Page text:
FPC and Precise Biometrics Tech to Feature in Visa’s Biometric Card Trial

“Visa’s payment card solution features an embedded fingerprint sensor as well as red and green lights to indicate when authentication has succeeded or failed.”

FPC and Precise Biometrics Tech to Feature in Visa's Biometric Card TrialVisa is collaborating in the Bank of Cyprus’s biometric payment card trial, and will also initiate America’s first such pilot, with help from Fingerprint Cards and Precise Biometrics.

Announced earlier this month, the Bank of Cyprus project is being spearheaded by Gemalto, with Zwipe also providing technology for the biometric payment cards. The newly announced US pilot, meanwhile, is a collaboration with Mountain America Credit Union, and will revolve around biometric cards using fingerprint sensor technology from Fingerprint Cards in collaboration with its smart card partner Kona I. The payment card solution also uses biometric algorithm software from Precise Biometrics.

Visa’s payment card solution features an embedded fingerprint sensor as well as red and green lights to indicate when authentication has succeeded or failed. Biometric data is enrolled, stored, and matched entirely on the card, ensuring that user templates cannot be hacked from an external server. The cards support EMV chip and contactless payments, allowing for highly secure tap-based transactions.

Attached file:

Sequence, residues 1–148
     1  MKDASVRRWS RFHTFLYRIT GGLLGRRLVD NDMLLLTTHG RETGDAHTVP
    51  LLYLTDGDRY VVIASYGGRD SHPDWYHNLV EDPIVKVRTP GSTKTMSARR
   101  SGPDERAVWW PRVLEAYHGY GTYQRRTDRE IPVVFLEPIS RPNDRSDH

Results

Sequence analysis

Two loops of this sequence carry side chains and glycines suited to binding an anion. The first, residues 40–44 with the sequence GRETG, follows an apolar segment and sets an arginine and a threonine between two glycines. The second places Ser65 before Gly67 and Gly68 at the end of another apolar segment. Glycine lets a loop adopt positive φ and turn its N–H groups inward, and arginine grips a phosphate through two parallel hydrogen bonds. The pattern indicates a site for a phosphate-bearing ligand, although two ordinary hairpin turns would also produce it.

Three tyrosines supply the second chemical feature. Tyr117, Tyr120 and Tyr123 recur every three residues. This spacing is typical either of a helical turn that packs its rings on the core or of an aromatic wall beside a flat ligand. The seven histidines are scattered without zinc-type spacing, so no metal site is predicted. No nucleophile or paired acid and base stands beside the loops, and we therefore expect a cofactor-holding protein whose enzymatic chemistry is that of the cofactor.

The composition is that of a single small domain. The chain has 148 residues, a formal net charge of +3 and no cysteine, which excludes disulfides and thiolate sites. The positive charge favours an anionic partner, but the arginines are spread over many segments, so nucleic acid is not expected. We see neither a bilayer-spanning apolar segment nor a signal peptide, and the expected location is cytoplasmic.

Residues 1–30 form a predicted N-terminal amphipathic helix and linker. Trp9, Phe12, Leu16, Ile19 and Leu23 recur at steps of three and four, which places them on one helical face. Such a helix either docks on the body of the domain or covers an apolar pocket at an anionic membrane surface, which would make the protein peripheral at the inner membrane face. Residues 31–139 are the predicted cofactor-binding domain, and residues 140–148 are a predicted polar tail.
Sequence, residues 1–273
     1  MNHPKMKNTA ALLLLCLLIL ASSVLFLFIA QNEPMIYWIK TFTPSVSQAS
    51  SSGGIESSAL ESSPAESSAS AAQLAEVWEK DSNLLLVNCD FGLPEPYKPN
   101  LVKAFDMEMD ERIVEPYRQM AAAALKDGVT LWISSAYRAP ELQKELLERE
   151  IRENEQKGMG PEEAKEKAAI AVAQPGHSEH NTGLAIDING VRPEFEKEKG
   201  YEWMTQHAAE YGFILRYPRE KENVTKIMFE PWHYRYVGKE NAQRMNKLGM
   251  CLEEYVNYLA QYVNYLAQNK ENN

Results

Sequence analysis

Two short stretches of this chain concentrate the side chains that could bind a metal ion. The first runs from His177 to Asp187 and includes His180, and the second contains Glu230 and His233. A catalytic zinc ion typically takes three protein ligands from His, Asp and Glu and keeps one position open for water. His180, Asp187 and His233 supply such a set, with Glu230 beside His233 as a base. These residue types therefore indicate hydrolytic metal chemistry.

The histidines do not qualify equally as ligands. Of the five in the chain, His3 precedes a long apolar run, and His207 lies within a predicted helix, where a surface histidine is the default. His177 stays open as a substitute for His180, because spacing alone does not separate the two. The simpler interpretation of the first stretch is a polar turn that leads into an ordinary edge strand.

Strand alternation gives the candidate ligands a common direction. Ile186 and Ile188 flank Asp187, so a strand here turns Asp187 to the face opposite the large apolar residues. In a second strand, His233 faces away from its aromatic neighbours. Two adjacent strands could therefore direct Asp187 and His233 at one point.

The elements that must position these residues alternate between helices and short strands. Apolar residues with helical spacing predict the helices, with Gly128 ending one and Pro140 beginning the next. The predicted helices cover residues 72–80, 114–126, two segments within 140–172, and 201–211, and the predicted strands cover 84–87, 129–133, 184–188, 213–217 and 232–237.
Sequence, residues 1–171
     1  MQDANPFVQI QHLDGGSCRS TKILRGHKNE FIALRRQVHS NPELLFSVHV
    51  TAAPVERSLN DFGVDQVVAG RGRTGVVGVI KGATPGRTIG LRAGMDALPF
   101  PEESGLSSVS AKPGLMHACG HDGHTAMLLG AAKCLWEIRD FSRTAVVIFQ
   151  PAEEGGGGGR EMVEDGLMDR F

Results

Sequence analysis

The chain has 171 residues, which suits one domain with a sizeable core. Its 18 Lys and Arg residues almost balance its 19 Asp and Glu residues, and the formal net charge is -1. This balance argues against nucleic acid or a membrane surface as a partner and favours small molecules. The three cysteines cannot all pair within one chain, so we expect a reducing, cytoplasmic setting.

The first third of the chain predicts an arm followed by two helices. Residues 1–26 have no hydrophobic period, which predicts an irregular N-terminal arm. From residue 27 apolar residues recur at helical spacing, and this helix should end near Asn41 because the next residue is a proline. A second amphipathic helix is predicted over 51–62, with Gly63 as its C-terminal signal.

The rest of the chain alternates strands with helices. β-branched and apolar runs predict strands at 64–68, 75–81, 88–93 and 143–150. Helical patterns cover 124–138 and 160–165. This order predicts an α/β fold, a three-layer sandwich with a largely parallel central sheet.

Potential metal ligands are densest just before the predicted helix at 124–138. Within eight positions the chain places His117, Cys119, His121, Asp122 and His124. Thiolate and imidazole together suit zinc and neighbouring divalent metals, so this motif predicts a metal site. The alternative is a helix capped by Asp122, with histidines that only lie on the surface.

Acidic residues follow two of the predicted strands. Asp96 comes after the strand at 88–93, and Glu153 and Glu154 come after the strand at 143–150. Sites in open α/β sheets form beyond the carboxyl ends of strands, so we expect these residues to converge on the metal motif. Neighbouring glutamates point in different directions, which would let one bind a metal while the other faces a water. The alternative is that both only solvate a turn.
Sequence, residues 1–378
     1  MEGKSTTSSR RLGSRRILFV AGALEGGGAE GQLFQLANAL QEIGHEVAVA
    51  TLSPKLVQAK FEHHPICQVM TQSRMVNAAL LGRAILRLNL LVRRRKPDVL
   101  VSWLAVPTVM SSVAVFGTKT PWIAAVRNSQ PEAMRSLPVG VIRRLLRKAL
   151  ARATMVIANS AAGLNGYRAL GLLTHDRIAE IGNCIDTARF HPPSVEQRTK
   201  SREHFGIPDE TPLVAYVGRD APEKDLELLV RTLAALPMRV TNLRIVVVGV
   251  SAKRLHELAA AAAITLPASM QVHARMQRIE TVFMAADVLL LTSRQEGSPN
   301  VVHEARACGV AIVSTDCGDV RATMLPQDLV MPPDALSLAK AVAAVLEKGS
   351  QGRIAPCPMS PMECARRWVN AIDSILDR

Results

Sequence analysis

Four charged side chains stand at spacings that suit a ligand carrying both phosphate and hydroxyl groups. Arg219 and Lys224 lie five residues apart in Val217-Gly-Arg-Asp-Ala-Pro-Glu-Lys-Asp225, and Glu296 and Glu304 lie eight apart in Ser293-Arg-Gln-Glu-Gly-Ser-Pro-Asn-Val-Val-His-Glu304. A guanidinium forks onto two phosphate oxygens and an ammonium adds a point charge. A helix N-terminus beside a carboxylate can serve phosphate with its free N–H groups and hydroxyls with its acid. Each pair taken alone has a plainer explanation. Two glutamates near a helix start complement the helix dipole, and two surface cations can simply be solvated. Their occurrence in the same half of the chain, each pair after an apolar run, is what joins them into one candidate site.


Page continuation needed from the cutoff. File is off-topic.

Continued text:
News of Visa’s trials comes after Mastercard conducted successful pilots of its own biometric payment cards last year, with technology provided by partners including IDEMIA and IDEX. With both of the world’s biggest credit card companies now going forward with biometric payment card projects, it appears clear that a widely anticipated boom in the emerging biometric payment cards market will be realized.

In a statement announcing Visa’s pilot program, the company indicated that both the Bank of Cyprus and the Mountain America Credit Union trials will begin in “early 2018”, and will “assess the cardholder experience and the technology of the biometric cards in different retail environments.”

January 15, 2018 – by Alex Perala